The act of fighting or being a fighter has certain consequences in international law. The most obvious example can be found in international humanitarian law, where a distinction is drawn between fighters and civilians, with fighters being military objectives and civilians being protected from attack. Another example is from international human rights law, where it has been held that the particular characteristics of military life have to be taken into account when interpreting the human rights of members of state armed forces. This volume focuses on the field of international criminal law and asks the question: what relevance does fighting have to victimhood in international criminal law?
Among the topics which are explored are: how have international criminal courts and tribunals untangled lawful casualties of war from victims of war crimes? How have they determined who is a member of an organised armed group and who is not? What crimes can those who fight be victims of during hostilities? When does it become relevant in international criminal law that an alleged victim of a crime was a person hors de combat rather than a civilian? Can war crimes be committed against members of non-opposing forces? Can persons hors de combat be victims of crimes against humanity and genocide? What special considerations surround peacekeepers and child soldiers as victims of international crimes?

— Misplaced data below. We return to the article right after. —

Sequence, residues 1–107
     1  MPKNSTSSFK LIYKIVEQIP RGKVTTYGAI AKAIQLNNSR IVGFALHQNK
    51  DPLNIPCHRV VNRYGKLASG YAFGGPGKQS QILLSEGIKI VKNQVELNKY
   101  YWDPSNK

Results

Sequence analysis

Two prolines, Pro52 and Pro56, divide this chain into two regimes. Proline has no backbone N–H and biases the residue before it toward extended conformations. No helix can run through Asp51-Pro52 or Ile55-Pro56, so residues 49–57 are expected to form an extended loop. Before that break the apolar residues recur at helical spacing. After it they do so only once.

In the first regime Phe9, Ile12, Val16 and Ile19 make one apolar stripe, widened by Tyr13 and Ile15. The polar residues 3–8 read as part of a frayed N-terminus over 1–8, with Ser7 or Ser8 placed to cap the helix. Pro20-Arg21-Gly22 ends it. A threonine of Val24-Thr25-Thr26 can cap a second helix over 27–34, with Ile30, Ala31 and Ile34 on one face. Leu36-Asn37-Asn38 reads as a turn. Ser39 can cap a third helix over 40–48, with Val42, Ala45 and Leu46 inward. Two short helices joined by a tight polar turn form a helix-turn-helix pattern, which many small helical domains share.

The author carries out an in-depth exploration of case law from international criminal courts and tribunals to assess how they have dealt with these questions. She concludes that the import of fighting upon victimhood in the context of international criminal law has not always been appreciated to the extent it should have been.